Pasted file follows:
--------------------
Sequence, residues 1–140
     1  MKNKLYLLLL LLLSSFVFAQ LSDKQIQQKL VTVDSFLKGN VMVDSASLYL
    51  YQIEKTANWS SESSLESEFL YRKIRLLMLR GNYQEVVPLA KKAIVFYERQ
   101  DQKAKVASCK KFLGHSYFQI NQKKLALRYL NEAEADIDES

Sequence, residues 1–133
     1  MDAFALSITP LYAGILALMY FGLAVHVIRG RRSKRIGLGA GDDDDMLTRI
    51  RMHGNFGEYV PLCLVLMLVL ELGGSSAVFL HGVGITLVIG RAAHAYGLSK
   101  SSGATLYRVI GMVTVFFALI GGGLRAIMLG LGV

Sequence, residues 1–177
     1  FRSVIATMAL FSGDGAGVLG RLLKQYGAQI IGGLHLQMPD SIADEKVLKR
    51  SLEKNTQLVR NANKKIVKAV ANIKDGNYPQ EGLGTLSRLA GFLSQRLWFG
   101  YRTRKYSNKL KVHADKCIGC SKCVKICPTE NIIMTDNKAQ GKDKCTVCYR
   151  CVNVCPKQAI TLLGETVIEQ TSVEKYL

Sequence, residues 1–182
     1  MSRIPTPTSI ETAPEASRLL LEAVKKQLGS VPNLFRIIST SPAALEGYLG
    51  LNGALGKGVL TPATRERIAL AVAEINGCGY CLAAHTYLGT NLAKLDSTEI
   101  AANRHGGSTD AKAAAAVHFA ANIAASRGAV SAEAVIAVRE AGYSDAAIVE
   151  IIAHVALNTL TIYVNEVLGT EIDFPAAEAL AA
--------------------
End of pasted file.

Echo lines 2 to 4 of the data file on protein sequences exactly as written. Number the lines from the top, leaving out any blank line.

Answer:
     1  MKNKLYLLLL LLLSSFVFAQ LSDKQIQQKL VTVDSFLKGN VMVDSASLYL
    51  YQIEKTANWS SESSLESEFL YRKIRLLMLR GNYQEVVPLA KKAIVFYERQ
   101  DQKAKVASCK KFLGHSYFQI NQKKLALRYL NEAEADIDES